Why we do what we do

Strange title isn’t it. I’ll explain what I mean…


A few days ago, my significant other handed me a cheap, nasty computer mouse and a cheap, nasty USB sparkly, colour changing, desk ornament thing and asked me to fix them. Of course I said “yes”, I daren’t say otherwise. She wanted the desk ornament fixing because it’s “pretty” and the mouse because it’s pink and covered in little plastic gems… Oh, and it’s “pretty”

While I was working on these items, it occurred to me that even though they were very cheap and could be replaced for a few pounds, I was actually enjoying myself.

I happened to have a dead mouse in my junk box so I opened it up, un-soldered one of the buttons and swapped the dead button with it. Problem solved.

The USB ornament thing was next.

When you plug it in to a USB port, it’s supposed to light up and change colour. It didn’t.

ornamentWhen I opened it up, I found a small PCB with a chip under a blob of epoxy, 3 LEDs and some resistors. After checking that it had power, I decided that the chip was probably faulty and there was nothing I could do… oh, but there was.

I have a few colour changing LEDs in my stock drawer. They have two pins like a normal LED but they have a tiny little chip inside the case. All you need to do is add power and it cycles through different colours on it’s own.

For the sake of 2 minutes work, I soldered the LED to one of the existing resistors and it worked perfectly.

Within 10 minutes, I’d fixed two worthless items (monetary wise) but had made my significant other very happy. Can you put a value on that?

It got me thinking to all the times I’ve built something, fixed something or really done anything and someone says “But why?” “What’s the point?” etc

Well, because I enjoy it, that’s why.  I love nothing more than coming into the hackshed and just tinkering for the sake of tinkering. Call me a sad geek, I really don’t care.

To sum it all up, the next time someone asks “Why?” Just reply with “Because I can”

There really doesn’t need to be a reason to do anything. Just have fun.

Building a 4bit / 8bit computer in CPLD

8_Bit_Computer_by_Ben_AndersonSomething we’ve been working towards is building a homebrew CPU from scratch in CPLD. If you’ve seen any of our “Getting Started with CPLDs” guide, you might have noticed that we’re working towards completing the ALU before we can start adding proper CPU features to it. This article is less about the CPLD side of things (we’ll continue with the guides) and more about the rest of what we’ve been doing.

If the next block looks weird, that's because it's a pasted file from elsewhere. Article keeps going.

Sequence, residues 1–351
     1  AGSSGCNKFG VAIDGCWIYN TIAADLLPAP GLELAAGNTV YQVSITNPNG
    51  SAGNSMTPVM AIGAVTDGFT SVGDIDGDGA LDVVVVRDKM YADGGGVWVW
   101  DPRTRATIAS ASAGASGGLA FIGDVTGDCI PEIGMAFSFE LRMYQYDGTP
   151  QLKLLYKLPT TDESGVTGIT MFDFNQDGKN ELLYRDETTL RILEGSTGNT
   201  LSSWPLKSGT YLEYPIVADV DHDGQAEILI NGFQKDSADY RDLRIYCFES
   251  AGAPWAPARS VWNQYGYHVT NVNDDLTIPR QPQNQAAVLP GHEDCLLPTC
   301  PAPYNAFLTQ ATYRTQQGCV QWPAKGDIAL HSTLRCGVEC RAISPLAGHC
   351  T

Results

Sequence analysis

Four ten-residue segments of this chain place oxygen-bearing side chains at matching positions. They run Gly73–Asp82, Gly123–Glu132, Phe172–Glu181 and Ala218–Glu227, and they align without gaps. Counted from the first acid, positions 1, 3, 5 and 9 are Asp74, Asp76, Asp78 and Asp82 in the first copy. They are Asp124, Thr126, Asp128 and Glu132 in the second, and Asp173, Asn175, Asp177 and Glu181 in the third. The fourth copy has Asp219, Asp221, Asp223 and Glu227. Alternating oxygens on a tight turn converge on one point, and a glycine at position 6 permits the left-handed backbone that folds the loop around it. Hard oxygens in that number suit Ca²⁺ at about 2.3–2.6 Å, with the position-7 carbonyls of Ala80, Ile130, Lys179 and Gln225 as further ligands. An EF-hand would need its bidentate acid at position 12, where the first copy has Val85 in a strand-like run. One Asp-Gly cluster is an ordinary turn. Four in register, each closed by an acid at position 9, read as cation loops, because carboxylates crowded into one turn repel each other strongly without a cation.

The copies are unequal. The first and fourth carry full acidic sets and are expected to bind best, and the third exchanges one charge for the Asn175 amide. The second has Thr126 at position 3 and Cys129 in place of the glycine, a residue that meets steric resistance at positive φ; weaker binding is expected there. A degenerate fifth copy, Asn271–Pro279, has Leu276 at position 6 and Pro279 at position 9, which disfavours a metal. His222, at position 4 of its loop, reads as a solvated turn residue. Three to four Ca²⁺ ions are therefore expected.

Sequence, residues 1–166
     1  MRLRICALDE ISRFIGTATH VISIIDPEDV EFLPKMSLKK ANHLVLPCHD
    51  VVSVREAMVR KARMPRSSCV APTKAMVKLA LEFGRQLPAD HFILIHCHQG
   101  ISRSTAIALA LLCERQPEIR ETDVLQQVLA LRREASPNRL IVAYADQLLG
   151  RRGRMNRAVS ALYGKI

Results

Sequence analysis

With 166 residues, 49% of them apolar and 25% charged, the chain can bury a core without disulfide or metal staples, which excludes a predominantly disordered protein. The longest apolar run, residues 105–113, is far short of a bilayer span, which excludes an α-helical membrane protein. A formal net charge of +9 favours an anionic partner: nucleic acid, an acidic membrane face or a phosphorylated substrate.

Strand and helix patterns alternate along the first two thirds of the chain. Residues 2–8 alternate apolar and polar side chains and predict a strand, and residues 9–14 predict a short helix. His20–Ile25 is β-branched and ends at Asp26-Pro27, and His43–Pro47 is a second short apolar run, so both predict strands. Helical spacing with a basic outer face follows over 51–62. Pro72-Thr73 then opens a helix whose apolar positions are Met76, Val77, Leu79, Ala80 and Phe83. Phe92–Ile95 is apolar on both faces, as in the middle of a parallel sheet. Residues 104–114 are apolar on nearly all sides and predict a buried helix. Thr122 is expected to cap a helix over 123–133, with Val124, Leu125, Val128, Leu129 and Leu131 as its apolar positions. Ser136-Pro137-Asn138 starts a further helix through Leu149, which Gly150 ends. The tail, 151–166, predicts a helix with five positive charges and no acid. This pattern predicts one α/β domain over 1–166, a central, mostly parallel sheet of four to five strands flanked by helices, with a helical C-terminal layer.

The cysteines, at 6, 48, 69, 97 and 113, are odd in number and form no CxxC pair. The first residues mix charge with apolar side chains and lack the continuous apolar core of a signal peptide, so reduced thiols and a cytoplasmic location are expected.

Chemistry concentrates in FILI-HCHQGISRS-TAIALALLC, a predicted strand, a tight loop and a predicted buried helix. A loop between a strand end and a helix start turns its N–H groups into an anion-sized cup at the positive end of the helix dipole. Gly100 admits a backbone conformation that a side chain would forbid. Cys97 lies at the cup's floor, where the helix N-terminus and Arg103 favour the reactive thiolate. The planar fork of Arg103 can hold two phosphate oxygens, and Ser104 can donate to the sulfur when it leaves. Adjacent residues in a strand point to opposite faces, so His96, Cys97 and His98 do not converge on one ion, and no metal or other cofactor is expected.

Building things on breadboards is fine but I often find that I either need to pinch something from the design, I knock wires out of place or there’s some other reason that it gets destroyed. In order to get round this, I’ve started building a modular control panel for my ongoing project. I’ve named it…. The Carlputer… ahem.

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Getting started with CPLDs – Index

cpldjHere you will find links to all the articles that make up our CPLD for beginners guide.

We’d love to hear your feedback about this guide. If we’ve got something wrong or if there’s anything specific you’d like us to cover, please don’t hesitate to get in touch.

Part 1 – Installing the Altera Quartus II software
Part 2 – Entering your first design
Part 3 – Lighting an LED
Part 4 – Adding a button
Part 5 – Making a half-adder
Part 6 – Making a full-adder
Part 7 – Making a 4-bit binary adder
Part 8 – Making a 4-bit binary subtractor




Getting Started with CPLDs – Part 7

cpldjIn part 6, we built a 1-bit full adder. In this part we’re going to expand upon that and build a complete 4-bit binary adder. I have made the assumption that you already know about the binary number system but in case you don’t, have a look here and do some searching to learn about it.

Back? Great, let’s get on with it. Grab your CPLD development board, a breadboard and the usual handful of LED, switches and resistors. We will need switches for this guide instead of buttons.

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Building a breakout board for a TI TMP708

TMP708Steve recently ordered several Texas Instruments TMP708 temperature switches. What he failed to realise however, is that the chips come in an SOT package which is tiny. After laughing at him for quite a while, I offered to build him a breakout board for the chips.

Here are the steps I took to make this tiny package useful for prototyping purposes. It’s by no means pretty but it will allow us to use the temperature switch on a breadboard.

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How to give your Arduino robot eyes!… (Ultrasonic’s really!)

HCSR04_CloseupWhat robotics project doesn’t need eyes? By eyes we’re referring to HC-SR04 Ultrasonic Sensors. We have put together a quick and easy library to get started with using these sensors.

The HC-SR04 is a low cost, easy to use sensor that will measure distance by bouncing ultrasonic sound waves off of obstacles in front of it. Ideal applications for the HC-SR04 is using them for obstacle avoidance systems in your robots/RC cars – This will be quite short post as there isn’t much to it.

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Arduino Network Uptime Monitor with Twitter Updates

IMG_20140217_193610We’ve been looking for excuses to use our Arduino Ethernet shield in more projects recently; we had the idea today to see if we could get it monitoring our network servers and report the status of them to Twitter.

It was actually surprisingly easy; we had the Twitter posting code from the previous project and we found an Arduino ICMP library so that we could test a ping to the hosts and see if it was responding or not, we added this to our task scheduling code and the rest just fell into place.

Click here to read more..

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